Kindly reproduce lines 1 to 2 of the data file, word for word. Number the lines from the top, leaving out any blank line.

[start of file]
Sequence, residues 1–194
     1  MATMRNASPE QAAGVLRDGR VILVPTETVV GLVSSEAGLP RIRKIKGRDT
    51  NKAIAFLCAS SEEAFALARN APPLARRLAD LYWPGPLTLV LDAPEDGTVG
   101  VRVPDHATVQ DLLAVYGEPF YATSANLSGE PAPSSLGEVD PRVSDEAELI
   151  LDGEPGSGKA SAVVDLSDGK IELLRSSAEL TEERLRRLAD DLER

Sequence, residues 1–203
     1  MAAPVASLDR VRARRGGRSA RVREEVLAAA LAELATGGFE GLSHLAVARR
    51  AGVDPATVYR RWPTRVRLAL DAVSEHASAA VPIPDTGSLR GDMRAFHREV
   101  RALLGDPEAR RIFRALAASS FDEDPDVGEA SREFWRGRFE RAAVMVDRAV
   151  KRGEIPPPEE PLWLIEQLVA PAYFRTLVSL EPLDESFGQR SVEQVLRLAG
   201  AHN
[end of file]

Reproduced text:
Sequence, residues 1–194
     1  MATMRNASPE QAAGVLRDGR VILVPTETVV GLVSSEAGLP RIRKIKGRDT